Paper or plastic? Decaf or regular? Some choices in life are binary. Yet for retailers, few things are that simple, with the past several years having produced an unprecedented blurring of boundaries. Retailers have become manufacturers. Traditional manufacturers now sell directly to consumers over the Web. And some retailers have made their packing and shipping operations available to other retailers.
Technology company partnerships with retailers are just another manifestation of this trend. While recently announced partnerships between America Online and Wal-Mart, Microsoft and Best Buy, Kmart and Yahoo as well as Microsoft and Tandy may seem surprising at first, they're just the early signs of a pattern that will change the way we think about shopping, with technology at the center of it.
Soon, hybrid retailing that brings together the Web and conventional retailing will become the norm rather than the exception.
The much ballyhooed `virtual versus. bricks-and-mortar' war was never that simple. The advantages of Web shopping (unlimited selection, instant price comparison) and those of physical shopping (see it, feel it, try it on, then take it home) work best when combined. Imagine having the ability to shop on the Web quickly and efficiently and then, seconds later, having a sales assistant hand you the item. Retailers are already beginning to bring the Web's advantages right into the store. Last June, a National Retail Federation committee published a paper, The Five Phases of Retail Business-to-Consumer Web Presence, that describes how retailers will integrate the physical shopping experience with the Web.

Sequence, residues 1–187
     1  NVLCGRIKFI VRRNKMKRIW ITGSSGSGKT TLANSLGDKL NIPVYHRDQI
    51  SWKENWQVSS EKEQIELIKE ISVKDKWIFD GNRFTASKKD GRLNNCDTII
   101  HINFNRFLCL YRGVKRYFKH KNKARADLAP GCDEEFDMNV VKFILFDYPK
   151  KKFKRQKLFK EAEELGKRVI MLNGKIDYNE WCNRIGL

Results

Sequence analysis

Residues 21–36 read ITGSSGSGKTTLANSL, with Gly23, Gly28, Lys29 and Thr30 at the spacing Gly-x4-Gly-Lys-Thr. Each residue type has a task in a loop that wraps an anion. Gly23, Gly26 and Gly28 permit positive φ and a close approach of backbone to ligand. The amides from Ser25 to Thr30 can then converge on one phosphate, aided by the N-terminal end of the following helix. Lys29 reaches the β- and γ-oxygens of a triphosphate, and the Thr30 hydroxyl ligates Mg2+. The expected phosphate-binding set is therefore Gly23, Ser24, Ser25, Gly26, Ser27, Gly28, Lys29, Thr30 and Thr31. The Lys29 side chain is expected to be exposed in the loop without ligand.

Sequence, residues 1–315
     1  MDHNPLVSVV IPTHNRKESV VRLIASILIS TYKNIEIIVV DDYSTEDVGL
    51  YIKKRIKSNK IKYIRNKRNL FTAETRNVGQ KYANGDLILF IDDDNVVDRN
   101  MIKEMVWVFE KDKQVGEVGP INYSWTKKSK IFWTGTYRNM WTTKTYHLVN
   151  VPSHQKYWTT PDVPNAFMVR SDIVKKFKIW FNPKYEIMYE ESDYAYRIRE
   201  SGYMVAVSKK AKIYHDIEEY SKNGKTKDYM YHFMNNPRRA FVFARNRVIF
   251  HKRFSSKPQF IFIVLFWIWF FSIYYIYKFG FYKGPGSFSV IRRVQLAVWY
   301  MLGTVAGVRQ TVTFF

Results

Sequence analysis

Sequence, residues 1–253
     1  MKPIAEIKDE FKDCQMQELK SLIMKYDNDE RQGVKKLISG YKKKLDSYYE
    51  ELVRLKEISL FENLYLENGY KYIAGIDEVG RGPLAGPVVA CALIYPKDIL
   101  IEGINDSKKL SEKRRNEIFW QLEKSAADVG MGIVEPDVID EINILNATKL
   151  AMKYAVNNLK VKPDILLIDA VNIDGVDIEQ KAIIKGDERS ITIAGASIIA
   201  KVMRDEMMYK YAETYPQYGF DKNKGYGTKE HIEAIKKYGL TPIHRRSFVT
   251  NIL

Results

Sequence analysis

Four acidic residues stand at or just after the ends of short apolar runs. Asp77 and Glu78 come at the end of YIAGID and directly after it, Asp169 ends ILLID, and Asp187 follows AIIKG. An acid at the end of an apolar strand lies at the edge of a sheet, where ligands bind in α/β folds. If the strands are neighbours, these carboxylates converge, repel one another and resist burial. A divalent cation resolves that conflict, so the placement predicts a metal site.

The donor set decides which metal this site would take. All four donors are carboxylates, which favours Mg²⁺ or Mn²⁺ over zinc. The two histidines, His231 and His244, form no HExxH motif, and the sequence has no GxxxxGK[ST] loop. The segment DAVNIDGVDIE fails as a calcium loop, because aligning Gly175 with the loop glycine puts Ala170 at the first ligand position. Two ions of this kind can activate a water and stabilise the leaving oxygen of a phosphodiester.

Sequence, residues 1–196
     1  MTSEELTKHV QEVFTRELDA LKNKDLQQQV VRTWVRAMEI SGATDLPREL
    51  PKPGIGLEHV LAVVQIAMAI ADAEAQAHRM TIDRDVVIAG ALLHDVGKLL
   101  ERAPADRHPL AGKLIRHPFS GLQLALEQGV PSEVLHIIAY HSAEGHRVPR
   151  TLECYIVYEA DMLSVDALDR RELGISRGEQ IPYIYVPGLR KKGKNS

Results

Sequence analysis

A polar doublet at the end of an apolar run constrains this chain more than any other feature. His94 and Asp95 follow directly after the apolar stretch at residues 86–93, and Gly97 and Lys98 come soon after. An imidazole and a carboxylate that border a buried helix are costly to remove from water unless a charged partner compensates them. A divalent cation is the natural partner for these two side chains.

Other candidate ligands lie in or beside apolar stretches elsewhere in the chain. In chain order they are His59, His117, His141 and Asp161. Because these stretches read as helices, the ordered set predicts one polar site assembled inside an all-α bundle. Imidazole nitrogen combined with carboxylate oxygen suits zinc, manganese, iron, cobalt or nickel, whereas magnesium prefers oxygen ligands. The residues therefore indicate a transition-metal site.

The first three stages reflect the world as it can be seen today - from a brochure site that sells only a few items, to a full-blown commerce site that's integrated with the back office. But stages four and five reflect a hybrid world. Stage four describes the `Webified' store that brings IP connectivity to point-of-sale terminals and allows customers to buy the company's full range of merchandise, whether it's in the store or not. Finally, stage five addresses the integration of manufacturers' systems, enhancing replenishment and providing up-to-date product descriptions.
Strategic alliances such as AOL/Wal-Mart and Microsoft/Best Buy take this paradigm to a new level. These partnerships promise to afford customers a new level of ease and service. They'll make technology easier for senior citizens to buy, as well as for others who are just beginning to go online. They'll strengthen the brand names of physical retailers among the digerati. They'll bring online shoppers into stores and physical shoppers onto the Web. They could also help foster broadband technologies, which many believe are necessary for the full flowering of business-to-consumer commerce.
This should be a win-win situation for the partners, but it's only the beginning. While pundits ponder whether the future of shopping lies on the Web, many retailers are exploring the potential of integrating a variety of handheld devices into stores' IT architectures. For instance, store associates wielding handhelds can check a price or determine whether an item is available on-site.
But imagine the possibilities for customers wielding handhelds: Couples planning new kitchens could announce their interest online, wirelessly, as they enter a home-improvement store. Time-starved customers entering an unfamiliar mall could quickly determine where the greeting card store is. A store could push information on sales at new buyers over the Web, even into their handheld devices as they drive or walk by. Valued `frequent shoppers,' who would otherwise look anonymous as they enter a store, could be lavished with attention as they arrived.
So as you review your holiday shopping experiences, consider the possibilities for the future. AOL, Wal-Mart, Microsoft, Best Buy and others have. They've seen the future, and it's a blur.